In case anyone thinks "gay plays" are anything new, here's an interesting repertory series in San Francisco unearthing the rich history of "out" drama.
"100 Years of Queer Theatre," a rotating repertory of eight short plays at Theatre Rhinoceros that poses some fascinating then-and-now questions about how gay life is seen in a culture that keeps rotating the lens to sharpen the view, blur it or blot it out altogether. This year's festival [is] the seventh annual foray of short works by the Eastenders Repertory Company...
Setting herself the century-of-gay-theater challenge, Eastenders Rep Artistic Director Susan Evans says she had a hard time finding pre-1940s short plays that were overtly "out." One of her early-years finds is "The Dangerous Precaution," a 1907 mini-musical by the Russian writer Mikhail Kuzmin.
Staged with a fittingly light, fractured fairy-tale touch by [Theatre Rhinoceros Artistic Director John Fisher], this historical oddity turns on the amorous maneuverings in a 17th century court. The king's son (Gene Moscy) is passing himself off as a woman disguised as a man - or something like that. One song lyric celebrates a "lissome waist and trim rump"; another winkingly puns on "top or bottom." It all ends with a jolly male-to-male kiss. Fisher speculates that the Russian czar, who was reeling from a bad war effort, let his censorship guard down in order to demonstrate his confidently expansive nature. "It's like Bush being so nervous about losing power," says Fisher, "that he'd start letting boys get married."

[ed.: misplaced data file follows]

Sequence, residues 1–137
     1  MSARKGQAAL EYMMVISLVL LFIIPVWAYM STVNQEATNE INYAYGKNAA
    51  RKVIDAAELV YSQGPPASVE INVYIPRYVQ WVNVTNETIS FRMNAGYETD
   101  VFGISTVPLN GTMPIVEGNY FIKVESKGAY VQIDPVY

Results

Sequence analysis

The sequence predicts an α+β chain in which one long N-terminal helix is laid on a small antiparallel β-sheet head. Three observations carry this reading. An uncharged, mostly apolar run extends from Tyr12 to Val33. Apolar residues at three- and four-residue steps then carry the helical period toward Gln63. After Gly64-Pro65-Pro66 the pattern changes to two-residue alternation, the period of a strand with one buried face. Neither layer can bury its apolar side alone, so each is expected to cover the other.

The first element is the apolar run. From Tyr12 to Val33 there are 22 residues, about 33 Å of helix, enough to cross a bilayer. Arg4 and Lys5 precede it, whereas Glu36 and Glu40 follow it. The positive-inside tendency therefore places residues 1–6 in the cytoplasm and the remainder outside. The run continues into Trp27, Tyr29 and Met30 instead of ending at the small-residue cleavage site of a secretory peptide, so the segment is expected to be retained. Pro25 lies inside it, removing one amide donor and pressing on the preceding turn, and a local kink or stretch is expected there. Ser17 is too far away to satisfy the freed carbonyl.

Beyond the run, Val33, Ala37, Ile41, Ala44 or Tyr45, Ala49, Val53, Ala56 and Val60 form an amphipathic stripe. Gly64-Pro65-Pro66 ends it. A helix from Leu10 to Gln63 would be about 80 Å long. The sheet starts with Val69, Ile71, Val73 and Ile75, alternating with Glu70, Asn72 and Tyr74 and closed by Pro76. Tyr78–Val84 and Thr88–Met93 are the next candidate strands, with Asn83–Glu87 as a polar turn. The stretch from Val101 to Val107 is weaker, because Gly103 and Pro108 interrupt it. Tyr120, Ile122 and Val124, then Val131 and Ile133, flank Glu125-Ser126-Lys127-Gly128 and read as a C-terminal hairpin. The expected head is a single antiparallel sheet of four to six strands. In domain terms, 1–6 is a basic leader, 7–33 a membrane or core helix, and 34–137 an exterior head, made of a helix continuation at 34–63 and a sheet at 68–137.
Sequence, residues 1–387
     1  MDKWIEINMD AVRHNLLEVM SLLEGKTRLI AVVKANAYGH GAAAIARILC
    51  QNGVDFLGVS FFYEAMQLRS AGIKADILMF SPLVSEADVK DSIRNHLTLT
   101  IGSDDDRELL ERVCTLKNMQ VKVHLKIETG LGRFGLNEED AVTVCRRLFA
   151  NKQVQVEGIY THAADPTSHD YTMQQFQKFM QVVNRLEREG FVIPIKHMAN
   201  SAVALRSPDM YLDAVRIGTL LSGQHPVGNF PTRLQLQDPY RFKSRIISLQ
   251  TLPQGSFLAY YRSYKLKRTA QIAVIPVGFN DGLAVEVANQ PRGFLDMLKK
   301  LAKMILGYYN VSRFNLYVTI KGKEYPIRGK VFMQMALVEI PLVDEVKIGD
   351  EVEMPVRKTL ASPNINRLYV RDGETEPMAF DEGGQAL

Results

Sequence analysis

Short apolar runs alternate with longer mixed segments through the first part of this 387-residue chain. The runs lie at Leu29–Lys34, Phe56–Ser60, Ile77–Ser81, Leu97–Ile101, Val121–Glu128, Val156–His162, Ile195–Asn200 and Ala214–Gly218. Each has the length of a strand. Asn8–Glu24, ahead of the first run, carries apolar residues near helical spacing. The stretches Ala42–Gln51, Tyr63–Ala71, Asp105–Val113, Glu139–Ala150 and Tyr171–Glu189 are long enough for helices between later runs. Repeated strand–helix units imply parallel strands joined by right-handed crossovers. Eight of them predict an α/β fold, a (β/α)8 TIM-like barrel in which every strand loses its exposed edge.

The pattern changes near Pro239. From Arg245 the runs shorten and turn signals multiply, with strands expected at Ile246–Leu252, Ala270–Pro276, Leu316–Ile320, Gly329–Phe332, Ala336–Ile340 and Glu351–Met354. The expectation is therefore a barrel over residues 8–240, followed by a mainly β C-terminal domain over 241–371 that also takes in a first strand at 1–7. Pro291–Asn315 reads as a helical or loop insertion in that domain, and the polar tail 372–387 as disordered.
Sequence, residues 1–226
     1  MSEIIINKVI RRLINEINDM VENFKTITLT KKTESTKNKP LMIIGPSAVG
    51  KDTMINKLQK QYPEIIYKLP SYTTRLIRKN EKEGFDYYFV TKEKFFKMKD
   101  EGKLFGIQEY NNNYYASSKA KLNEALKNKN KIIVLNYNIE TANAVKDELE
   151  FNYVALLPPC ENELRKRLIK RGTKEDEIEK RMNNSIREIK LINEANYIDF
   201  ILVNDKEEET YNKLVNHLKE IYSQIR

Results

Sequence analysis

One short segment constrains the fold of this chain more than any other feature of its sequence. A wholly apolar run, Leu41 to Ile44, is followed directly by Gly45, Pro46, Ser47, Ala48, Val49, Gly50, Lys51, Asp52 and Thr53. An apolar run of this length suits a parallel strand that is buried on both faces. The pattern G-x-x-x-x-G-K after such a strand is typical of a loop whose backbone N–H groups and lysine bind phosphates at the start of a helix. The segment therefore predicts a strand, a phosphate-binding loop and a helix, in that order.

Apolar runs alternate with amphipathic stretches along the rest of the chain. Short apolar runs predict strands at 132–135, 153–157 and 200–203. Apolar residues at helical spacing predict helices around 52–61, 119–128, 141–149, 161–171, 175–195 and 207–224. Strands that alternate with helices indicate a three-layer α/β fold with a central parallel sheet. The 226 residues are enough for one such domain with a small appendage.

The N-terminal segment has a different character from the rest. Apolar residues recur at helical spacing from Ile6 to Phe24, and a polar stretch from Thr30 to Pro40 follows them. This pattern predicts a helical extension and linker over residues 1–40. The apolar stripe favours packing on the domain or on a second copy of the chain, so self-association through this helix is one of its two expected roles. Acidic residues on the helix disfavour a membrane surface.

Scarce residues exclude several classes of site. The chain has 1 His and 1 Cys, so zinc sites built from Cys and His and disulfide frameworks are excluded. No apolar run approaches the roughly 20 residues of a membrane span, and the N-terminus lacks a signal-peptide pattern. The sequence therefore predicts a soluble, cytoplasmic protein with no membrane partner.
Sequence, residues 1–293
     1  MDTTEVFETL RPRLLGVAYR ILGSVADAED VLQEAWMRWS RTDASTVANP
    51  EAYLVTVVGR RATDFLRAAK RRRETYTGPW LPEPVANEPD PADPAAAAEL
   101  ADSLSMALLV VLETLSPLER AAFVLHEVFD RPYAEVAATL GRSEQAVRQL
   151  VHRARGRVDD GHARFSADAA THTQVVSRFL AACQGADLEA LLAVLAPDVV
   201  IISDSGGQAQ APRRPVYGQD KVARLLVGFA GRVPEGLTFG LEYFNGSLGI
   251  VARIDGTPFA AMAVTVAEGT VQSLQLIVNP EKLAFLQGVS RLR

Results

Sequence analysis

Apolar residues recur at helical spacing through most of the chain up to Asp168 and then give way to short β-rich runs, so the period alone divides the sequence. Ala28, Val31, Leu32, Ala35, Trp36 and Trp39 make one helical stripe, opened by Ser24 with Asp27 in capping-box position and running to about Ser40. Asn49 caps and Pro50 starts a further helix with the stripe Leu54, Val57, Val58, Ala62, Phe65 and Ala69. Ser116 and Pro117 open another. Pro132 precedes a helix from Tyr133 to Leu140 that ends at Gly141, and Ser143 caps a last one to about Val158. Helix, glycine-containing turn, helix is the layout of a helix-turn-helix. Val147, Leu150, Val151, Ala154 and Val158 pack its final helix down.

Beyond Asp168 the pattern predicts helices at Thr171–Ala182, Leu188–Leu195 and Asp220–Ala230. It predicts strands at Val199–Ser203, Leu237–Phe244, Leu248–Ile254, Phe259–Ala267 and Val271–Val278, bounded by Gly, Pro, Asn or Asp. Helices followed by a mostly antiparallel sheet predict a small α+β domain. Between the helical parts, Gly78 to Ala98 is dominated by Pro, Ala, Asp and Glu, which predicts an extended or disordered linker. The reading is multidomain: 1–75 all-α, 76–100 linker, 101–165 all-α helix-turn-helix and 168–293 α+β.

Um, of course that last part did not happen, did it.